The South African clothing, textiles, footware and leather industry (CTFL) is showing signs of recovery after years of decade long- gradual decline. The sector remains vulnerable to cheap imports particularly from China and this contributed to its massive fall.

Retail experts revealed this at a clothing and textile forum, organised by Proudly SA and the Department of Trade and Industry (DTI) in Johannesburg, on Wednesday.

The clothing, textiles, footware and leather accounts for about 14% of manufacturing and currently employs 140 000 people.

Government says improvement in the sector largely as a result of policies and interventions from the Department of Trade and Industry and the collaboration between local manufacturers and private sector is yielding some positive results.

Chief Director at the DTI, Abisha Tembo says his department has created different clusters to re-vamp the CTFL sector; and government has already injected over R5 billion to the industry. They are also working with SARS to reduce illegal imports of goods.

“We came up with the textile and clothing customised sector program in 2005. We then established the clothing and textile competitive program and this program has been a saver for us and because of the success of the program we looked at other areas of enhancing our manufacturers to make sure we can improve on growth in the sector,” says Tembo.

CEO of Proudly SA, Eustace Mashimbye says government together with the private sector is urgently looking for solutions to save the dying industry.

“This is one industry that used to employ a lot of people and  I know people who use to work in Newcastle in some of the factories that closed down where a lot of jobs were lost and we are focusing our energy into turning this industry around,” says Mashimbye.

Proudly SA says it is educating consumers and retailers on the benefits of buying and selling locally produced products.  It launched a tender monitoring site that will be linked to governments Central Supply Data (CSD) for its members.  This will make it easier for its numbers to do business with government.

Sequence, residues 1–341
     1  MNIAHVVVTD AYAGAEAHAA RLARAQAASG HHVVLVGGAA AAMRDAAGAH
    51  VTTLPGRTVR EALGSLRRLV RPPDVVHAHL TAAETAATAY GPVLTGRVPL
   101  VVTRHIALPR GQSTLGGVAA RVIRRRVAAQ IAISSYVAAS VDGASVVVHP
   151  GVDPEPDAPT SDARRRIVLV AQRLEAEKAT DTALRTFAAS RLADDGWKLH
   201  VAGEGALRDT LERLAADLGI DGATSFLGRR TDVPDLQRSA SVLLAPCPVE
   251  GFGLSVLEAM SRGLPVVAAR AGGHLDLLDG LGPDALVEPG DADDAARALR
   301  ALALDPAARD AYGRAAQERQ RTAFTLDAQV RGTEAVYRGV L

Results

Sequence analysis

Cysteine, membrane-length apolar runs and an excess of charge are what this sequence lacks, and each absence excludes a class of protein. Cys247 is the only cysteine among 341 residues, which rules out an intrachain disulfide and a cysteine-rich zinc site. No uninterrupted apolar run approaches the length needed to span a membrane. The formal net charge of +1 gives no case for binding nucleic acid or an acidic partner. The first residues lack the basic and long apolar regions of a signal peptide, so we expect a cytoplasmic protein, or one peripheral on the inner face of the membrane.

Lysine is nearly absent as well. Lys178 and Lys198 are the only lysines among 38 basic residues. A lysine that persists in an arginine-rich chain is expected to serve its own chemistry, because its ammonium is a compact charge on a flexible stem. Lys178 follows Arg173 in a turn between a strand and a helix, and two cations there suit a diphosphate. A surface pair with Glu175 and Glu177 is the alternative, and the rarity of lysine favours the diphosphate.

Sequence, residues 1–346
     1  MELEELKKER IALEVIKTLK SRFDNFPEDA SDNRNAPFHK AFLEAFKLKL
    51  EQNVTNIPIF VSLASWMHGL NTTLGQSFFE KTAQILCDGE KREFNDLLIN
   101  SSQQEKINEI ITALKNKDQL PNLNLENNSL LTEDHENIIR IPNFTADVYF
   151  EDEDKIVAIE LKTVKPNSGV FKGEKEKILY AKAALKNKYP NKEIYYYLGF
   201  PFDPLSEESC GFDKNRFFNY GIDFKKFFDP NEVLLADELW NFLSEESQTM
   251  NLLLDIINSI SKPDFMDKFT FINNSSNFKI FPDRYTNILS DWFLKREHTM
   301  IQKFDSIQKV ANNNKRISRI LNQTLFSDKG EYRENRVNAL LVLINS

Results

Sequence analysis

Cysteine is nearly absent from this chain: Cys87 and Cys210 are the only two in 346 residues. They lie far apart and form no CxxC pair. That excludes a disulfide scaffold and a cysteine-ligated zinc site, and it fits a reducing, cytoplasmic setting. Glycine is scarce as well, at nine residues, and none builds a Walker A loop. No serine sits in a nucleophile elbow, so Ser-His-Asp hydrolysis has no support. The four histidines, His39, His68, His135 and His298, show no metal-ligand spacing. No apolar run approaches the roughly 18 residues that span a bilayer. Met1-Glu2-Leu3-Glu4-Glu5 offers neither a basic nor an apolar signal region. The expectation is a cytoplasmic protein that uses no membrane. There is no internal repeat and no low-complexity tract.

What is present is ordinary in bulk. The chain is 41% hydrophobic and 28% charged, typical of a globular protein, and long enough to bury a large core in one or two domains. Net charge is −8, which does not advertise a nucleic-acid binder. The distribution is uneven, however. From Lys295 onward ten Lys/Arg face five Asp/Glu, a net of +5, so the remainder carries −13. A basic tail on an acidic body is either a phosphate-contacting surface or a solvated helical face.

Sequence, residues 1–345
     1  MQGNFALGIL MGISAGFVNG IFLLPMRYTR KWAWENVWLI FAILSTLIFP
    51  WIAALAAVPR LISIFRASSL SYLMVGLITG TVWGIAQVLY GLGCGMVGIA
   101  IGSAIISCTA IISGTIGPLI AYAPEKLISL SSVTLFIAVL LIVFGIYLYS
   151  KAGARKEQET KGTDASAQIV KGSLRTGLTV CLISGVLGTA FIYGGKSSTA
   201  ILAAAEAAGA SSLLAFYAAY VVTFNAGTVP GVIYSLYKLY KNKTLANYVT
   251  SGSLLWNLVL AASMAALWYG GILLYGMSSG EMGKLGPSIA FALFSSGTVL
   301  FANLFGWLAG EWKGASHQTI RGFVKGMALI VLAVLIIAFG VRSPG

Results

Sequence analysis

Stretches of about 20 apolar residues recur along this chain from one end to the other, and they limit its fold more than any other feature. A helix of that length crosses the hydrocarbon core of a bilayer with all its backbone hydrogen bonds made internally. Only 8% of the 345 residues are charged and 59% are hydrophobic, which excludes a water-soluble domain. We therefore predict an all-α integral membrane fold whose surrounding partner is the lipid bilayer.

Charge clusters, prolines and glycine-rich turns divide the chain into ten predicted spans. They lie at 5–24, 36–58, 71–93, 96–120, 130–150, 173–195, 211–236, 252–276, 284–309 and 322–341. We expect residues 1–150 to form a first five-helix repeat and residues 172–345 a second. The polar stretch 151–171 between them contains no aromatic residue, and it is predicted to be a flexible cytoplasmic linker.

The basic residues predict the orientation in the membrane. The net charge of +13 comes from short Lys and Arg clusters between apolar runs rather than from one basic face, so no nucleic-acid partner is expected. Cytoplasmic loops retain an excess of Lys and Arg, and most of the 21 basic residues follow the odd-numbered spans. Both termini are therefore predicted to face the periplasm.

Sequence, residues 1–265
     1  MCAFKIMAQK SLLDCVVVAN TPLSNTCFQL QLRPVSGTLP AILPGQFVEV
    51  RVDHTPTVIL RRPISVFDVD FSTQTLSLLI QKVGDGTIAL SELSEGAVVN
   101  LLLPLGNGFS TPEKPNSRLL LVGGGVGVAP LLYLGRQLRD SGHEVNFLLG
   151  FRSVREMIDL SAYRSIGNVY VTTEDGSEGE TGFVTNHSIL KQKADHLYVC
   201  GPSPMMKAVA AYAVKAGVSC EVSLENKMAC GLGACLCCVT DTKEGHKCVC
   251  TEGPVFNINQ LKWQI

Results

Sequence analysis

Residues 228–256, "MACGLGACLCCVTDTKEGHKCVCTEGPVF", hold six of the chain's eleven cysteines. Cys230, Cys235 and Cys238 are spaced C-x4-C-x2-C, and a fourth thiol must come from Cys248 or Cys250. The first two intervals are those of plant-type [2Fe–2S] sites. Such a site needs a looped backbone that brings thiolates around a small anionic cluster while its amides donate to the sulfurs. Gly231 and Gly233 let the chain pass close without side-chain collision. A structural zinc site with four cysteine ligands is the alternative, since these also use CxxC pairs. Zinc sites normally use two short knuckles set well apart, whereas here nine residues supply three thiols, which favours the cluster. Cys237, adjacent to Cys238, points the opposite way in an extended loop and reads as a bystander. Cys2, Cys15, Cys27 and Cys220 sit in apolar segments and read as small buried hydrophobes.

He has urged international retailers to work with local designers and producers, “We are going to work with all these retailers who are localising and we are going to work with them so that we can drive to the point where people will look at the labels of the origin and choose that which is made locally.

“I know there are engagements happening between the minister of economic development and H&M to localise and we know that they want to come to the party but what about Zara and Cotton On there are jobs being lost there, we are going to bleed. It’s going to be a huge blood bath if they don’t localise as well.”

In 1996 South Africa had 1 600 clothing, textile, and leather and foot ware factories.

In 2016 it dropped to 900 plants the country lost 700 factories in the last 20 years including thousands of jobs. In the last four years South Africa has seen an increase in imported Chinese clothing and textile goods by 730%.

Proudly SA says the sector has lost 110 000 jobs in the last 16 years. There are 140 000 jobs in the CTFL sector